Female Athletes Are at Higher Risk for Concussions

4 min read  |  January 20, 2020  | 

Recent headlines about sports-related concussions have focused on the guys — pro football players and boxers. Now, neurologists are seeing an even higher risk for female athletes.

We’ve heard about male athletes who experience depression, paranoia, erratic behavior, and signs of early dementia following a series of concussions. But, girls and women engaged in contact sports like cheerleading and soccer are twice as likely as their male counterparts to suffer concussions, according to data collected in Australia.

Among Australian female cricket players, it’s reported that one in three head impacts becomes a concussion. In comparison, one in five impacts results in concussions among male cricket players.

The data also shows that female athletes take one to two days longer than their male counterparts to recover from sports-related head and neck injuries.

While the exact cause for these sex-based discrepancies is unknown, doctors and researchers say it’s connected to a few factors.

“In our experience, young female athletes, especially soccer players, have weaker neck muscles and smaller skull surface areas,” said Dr. Gillian Hotz, a neuroscientist who specializes in treating brain injury, and director of the concussion program at the University of Miami Sports Medicine Institute. In addition, there are simply more women and girls involved in contact sports today than in previous generations. Females are more likely than males to self-report and emphasize symptoms related to injuries. Females are also more prone to migraines, which makes them more sensitive to headaches.

Coaches, trainers, and sports medicine specialists are striving to reduce the risk of brain injury for all athletes. They are developing best practices based on specific sports and the age and sex of the athletes, to ensure proper injury prevention and recovery protocols for athletes at all levels.

Dr. Hotz and her colleagues, for instance, are advocating for the acceptance of cheerleading as a contact sport. Their research reveals that cheerleading accounts for 65% of catastrophic sports-related injuries among females due to the level of aerial and acrobatic activity. Once cheerleading is reclassified, those athletes will become eligible for the same resources available to athletes in other contact sports.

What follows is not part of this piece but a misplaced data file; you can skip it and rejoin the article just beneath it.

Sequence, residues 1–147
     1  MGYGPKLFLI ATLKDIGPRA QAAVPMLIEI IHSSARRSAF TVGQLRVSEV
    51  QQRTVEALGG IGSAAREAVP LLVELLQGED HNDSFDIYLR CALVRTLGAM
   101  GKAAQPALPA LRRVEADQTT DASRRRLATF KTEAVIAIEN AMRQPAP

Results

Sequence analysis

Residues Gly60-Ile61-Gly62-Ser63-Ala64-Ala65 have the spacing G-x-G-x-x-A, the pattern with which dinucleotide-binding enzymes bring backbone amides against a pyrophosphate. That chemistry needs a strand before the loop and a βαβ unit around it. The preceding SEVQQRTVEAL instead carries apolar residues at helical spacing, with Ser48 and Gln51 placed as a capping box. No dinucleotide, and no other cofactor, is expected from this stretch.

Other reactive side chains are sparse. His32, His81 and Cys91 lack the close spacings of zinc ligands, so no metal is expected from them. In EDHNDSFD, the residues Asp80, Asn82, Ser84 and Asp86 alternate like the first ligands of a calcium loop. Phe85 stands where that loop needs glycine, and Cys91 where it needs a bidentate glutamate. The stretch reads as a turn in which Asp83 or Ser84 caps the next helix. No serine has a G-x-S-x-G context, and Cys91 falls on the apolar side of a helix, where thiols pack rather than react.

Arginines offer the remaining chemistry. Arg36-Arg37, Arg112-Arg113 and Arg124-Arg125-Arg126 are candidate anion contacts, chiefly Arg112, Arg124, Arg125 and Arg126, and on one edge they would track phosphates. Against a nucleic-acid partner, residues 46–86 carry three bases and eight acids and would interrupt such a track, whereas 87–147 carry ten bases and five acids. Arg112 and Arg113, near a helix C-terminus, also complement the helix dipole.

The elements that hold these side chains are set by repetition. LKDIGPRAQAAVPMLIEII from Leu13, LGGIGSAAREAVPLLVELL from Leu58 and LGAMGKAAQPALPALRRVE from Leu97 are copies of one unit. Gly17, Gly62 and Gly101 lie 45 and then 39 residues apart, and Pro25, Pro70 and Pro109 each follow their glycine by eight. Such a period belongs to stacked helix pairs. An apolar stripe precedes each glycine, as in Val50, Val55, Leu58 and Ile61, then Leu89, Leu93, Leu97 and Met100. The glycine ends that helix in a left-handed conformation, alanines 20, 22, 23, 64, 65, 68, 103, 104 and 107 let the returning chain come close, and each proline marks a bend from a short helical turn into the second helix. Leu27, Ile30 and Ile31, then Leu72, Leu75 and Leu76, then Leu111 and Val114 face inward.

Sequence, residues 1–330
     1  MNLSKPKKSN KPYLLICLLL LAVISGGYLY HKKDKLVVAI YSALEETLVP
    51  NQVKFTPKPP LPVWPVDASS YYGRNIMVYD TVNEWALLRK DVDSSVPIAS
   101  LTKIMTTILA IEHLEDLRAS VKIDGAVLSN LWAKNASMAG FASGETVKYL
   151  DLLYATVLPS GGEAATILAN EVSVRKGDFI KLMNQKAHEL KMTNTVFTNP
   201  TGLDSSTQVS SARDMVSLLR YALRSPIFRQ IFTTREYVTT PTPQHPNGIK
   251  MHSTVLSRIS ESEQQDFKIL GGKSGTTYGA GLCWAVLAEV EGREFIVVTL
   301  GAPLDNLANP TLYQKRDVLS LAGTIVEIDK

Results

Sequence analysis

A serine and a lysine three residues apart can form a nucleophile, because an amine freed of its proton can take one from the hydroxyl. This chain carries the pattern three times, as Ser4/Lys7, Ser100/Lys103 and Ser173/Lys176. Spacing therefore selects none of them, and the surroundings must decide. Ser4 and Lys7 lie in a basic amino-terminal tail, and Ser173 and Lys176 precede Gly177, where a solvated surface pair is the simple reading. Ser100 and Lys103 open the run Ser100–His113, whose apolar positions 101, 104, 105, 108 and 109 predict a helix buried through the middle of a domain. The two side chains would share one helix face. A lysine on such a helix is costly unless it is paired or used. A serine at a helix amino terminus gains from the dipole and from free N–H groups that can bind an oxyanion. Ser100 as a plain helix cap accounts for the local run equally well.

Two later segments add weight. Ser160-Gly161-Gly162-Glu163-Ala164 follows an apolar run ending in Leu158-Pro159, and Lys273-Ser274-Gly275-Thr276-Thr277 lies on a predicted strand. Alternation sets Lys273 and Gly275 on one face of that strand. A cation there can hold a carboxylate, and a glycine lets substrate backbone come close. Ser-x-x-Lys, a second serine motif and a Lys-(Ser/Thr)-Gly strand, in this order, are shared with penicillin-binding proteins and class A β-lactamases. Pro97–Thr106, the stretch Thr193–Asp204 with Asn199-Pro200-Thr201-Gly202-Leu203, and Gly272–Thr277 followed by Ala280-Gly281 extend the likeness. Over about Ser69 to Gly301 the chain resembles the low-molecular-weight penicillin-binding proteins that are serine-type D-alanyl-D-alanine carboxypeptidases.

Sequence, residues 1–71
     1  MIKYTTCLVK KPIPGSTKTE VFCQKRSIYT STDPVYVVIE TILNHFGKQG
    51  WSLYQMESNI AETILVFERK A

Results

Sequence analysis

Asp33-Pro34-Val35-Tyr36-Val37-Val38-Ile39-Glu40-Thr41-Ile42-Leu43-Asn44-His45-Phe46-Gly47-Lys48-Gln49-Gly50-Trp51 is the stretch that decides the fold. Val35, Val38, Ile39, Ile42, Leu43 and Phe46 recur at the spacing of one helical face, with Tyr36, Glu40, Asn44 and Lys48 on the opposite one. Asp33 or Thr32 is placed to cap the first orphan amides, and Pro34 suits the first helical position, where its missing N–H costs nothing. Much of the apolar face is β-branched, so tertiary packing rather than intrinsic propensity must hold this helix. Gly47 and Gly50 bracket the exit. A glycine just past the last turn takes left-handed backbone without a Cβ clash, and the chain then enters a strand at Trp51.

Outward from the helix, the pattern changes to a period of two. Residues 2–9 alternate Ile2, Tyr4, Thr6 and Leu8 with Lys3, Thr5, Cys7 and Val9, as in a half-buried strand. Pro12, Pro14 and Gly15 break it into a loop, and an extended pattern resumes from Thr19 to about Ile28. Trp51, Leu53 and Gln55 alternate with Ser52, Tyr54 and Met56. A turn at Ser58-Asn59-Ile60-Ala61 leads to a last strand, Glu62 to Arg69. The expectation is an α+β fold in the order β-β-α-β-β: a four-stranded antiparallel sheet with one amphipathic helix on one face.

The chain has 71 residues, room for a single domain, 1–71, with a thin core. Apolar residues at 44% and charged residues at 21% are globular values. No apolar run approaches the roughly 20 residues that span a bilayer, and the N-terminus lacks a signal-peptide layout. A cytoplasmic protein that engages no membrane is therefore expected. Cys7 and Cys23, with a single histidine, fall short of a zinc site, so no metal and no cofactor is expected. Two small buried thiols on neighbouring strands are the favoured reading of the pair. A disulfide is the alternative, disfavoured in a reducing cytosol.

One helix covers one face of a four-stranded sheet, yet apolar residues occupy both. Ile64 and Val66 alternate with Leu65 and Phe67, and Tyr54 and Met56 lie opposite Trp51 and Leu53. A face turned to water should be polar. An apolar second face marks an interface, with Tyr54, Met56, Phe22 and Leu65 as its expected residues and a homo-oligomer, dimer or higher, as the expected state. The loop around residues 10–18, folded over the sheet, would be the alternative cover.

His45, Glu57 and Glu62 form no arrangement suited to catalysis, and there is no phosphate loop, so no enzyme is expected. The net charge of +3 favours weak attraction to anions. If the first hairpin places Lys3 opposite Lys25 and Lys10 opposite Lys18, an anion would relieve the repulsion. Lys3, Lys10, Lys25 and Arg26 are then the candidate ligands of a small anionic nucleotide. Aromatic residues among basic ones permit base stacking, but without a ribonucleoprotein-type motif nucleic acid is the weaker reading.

What can athletes do to help avoid injuries to the head and neck?

According to Dr. Hotz, “Parents of young athletes should ensure their child learns the proper skills and techniques of their sport. For instance, girls who play soccer really need to head the ball in the right spot, which is in the forehead area, not on the tops of their heads. If your child is wearing a helmet, make sure it fits properly and that she’s wearing the right size. Your child’s coaches and certified athletic trainers must understand concussion management and have an effective protocol in place to respond to head injuries that occur during practice, on the field or court, or while training.”

For adult female athletes, strength training and conditioning are essential to avoid brain injuries while training and competing. “Focus on neck strengthening, shoulder strengthening and range of motion, and total body conditioning,” Dr. Hotz says. “To help prevent injury, learn proper techniques for coming into contact with the ball (e.g., heading, maneuvering to take the ball, or running with it).”

The biggest threat to an athlete’s brain health is multiple concussions in a short period of time. By following “Gradual Return to Play” protocols, concussed athletes safely participate in increasingly difficult physical activities over time. This ensures they’re ready to return to the rigors of their specific sport without experiencing more brain injury symptoms.

“It’s essential that players take the time out to heal and become asymptomatic before they return to training and competition,” says Dr. Hotz.

Dana Kantrowitz is a contributing writer for UMiami Health News.

Tags: concussion symptoms, Dr. Gillian Hotz, UHealth Concussion Program

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